Today is a very special day. Not only does today mark the start of Testicular Cancer Awareness Month, but my husband, Nate, and I are also celebrating a huge milestone. He is officially two years cancer free! Considering that the majority of relapses occur in the first two years, this is a moment we have cautiously awaited for the last 731 days. I feel so grateful to TCAF founder, Kim Jones, for the opportunity to write my first blog in support of all past and present testicular cancer patients and caregivers during such a monumental moment in our lives.
Our journey began in December 2013, when my then 29-year-old husband experienced some dull testicular pain that persisted for about a week before he saw a urologist. The doctor diagnosed him with epididymitis and prescribed a course of antibiotics and painkillers, adding in an ultrasound “just in case.” Forty-eight hours later, Nate received the call that would change our lives forever. He had testicular cancer. I remember immediately sinking into a place of overwhelming darkness, my mind filled with worst case scenarios of losing my love and partner in life. At that point, I had been a wife for a little over a year and we were just starting to plan our future together. We had recently bought our first home and had started talking about our timeline to try for a baby. And then in an instant, cancer completely halted our lives and filled them with fear, sadness, and uncertainty.
After bloodwork that showed only slightly elevated tumor markers and a clean CT, Nate had an orchiectomy two days before Christmas that confirmed his diagnosis. He spent the holidays recovering at home and was soon back to his old self, though neither of us could shake the feeling that our brush with cancer was far from over. As we began consulting with oncologists, we found that they were all hesitant to recheck his tumor markers until 6 weeks had passed after surgery. Supported by encouraging statistics, they were all exceptionally confident that surgery alone had cured him. However, our uneasy feeling lingered and prompted me to pick up a pregnancy test at the local drugstore.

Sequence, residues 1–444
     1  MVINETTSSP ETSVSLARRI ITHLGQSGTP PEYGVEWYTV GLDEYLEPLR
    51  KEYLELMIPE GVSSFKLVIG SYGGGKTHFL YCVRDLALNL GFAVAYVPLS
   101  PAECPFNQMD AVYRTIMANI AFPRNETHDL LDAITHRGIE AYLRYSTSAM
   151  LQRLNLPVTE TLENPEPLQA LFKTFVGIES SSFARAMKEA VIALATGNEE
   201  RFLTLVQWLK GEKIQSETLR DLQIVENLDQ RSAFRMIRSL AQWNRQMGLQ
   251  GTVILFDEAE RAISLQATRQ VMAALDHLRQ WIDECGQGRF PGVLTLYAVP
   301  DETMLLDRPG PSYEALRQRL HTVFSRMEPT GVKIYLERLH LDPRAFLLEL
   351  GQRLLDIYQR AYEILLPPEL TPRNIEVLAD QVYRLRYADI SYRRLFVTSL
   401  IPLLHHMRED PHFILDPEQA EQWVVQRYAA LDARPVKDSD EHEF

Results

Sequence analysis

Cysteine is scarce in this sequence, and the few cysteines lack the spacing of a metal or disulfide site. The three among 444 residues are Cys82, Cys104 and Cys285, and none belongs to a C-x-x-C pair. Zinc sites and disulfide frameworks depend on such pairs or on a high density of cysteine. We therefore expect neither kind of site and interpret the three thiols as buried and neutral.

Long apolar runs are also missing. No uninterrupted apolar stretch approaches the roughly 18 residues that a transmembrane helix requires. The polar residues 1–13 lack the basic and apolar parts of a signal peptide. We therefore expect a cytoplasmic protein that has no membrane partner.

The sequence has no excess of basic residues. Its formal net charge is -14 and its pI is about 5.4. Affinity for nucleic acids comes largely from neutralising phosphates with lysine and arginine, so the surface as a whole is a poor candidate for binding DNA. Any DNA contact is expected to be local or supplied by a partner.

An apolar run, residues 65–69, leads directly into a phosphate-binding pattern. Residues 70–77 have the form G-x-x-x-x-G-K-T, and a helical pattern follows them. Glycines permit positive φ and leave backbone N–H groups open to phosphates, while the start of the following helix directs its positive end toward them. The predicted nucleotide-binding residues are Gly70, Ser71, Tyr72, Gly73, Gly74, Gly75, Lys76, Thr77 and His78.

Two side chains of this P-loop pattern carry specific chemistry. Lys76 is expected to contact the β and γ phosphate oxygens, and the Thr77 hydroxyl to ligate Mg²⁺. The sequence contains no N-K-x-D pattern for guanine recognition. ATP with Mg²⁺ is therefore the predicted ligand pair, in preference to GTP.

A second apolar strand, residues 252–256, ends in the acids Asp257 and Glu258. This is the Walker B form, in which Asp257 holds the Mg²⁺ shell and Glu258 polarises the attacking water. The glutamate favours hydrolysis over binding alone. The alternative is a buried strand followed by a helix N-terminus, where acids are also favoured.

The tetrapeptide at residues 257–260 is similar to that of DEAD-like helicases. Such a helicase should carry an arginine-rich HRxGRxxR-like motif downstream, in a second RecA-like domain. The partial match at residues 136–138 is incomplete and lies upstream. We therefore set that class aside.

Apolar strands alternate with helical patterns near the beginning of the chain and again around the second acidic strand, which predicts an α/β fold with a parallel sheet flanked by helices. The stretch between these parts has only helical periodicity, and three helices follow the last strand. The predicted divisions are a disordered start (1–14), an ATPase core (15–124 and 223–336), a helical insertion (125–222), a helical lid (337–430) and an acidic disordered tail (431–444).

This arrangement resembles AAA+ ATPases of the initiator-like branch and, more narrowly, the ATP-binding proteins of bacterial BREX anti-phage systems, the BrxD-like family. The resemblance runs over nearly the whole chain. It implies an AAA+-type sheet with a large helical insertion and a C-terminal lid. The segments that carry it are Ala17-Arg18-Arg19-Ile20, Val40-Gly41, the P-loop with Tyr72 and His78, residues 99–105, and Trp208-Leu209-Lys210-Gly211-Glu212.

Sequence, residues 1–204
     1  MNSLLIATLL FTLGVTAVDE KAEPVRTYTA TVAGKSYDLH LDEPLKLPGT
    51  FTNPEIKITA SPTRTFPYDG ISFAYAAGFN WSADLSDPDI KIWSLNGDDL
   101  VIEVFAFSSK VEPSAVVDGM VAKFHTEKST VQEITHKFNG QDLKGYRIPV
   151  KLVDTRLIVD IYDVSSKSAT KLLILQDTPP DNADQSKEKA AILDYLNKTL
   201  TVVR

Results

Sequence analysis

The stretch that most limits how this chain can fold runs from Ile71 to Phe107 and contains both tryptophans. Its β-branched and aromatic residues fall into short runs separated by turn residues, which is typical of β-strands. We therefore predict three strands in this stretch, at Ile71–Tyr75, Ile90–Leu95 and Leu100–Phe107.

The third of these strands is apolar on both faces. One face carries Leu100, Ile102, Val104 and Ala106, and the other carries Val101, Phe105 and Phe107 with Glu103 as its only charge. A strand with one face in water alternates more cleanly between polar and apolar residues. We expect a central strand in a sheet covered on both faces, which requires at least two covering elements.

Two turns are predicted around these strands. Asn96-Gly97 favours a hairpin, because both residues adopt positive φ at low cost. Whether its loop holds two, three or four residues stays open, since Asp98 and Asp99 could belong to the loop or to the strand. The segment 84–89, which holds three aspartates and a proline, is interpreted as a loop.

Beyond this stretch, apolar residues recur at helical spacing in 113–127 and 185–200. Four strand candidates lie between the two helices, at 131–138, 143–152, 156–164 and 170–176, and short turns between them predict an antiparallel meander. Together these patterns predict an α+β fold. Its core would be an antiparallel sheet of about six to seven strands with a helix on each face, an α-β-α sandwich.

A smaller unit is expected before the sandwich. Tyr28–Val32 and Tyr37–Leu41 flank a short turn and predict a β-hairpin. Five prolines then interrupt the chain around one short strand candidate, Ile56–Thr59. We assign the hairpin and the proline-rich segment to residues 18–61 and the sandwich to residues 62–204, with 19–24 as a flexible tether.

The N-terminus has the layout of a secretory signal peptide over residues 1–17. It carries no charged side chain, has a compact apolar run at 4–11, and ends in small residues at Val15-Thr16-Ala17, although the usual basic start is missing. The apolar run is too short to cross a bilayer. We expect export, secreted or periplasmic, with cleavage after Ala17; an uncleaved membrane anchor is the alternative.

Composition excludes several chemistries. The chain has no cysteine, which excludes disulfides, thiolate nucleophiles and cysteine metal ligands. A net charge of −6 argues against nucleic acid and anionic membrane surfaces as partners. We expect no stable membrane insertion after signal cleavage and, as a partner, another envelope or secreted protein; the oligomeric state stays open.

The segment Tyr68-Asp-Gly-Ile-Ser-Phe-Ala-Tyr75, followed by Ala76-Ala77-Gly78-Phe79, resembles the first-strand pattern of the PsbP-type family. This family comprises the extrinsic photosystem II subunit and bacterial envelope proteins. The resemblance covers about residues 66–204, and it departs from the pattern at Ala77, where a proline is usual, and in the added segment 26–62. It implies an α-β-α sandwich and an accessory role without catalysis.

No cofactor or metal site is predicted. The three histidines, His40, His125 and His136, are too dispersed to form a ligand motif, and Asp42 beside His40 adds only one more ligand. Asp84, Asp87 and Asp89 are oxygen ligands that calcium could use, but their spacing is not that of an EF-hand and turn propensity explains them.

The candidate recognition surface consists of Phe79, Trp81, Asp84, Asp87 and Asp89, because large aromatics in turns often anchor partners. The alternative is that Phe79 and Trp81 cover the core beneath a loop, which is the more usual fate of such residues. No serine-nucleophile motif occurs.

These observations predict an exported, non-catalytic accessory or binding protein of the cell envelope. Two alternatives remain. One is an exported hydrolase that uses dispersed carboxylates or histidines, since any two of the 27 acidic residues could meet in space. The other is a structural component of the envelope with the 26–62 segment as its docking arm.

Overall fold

Sounds crazy, right? What does a pregnancy test have to do with any of this?
Some testicular cancers can secrete human chorionic gonadotropin, or HCG, commonly referred to as the “pregnancy hormone.” This is by no means a fail-safe or precise method of testing for testicular cancer as it cannot rule out its presence or absence (as outlined by our good friend, Steve Pake, here); however, we knew that Nate’s HCG was so mildly elevated prior to surgery that weeks later it would likely be below the limit of detection if he was indeed cured.